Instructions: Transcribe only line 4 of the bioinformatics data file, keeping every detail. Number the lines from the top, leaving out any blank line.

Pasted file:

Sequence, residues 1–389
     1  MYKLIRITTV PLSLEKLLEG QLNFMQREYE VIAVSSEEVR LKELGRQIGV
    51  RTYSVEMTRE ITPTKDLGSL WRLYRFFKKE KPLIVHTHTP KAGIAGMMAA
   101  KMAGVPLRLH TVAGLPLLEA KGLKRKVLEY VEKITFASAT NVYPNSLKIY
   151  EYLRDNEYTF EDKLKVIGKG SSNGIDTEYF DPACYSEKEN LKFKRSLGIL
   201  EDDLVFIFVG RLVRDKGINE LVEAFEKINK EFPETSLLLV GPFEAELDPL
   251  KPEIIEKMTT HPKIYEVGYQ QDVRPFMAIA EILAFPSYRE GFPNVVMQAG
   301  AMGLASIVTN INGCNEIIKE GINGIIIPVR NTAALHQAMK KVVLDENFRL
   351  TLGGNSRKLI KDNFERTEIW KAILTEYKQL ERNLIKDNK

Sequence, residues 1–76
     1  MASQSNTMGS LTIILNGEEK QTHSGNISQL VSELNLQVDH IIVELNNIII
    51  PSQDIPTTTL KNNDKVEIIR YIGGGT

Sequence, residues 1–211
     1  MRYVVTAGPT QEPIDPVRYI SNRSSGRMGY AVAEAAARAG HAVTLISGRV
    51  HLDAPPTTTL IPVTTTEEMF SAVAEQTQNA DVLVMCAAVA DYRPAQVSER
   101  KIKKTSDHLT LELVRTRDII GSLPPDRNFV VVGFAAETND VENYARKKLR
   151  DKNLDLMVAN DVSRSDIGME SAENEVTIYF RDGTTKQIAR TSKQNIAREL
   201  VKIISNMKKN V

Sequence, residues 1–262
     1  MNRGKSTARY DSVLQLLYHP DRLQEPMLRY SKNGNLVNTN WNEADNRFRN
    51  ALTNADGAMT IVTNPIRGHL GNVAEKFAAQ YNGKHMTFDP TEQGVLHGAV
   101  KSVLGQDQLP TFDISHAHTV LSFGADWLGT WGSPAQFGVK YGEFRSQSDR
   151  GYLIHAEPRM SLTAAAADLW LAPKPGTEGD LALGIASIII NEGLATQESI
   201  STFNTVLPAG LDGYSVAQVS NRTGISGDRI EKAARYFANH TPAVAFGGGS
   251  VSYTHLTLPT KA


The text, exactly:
   101  KMAGVPLRLH TVAGLPLLEA KGLKRKVLEY VEKITFASAT NVYPNSLKIY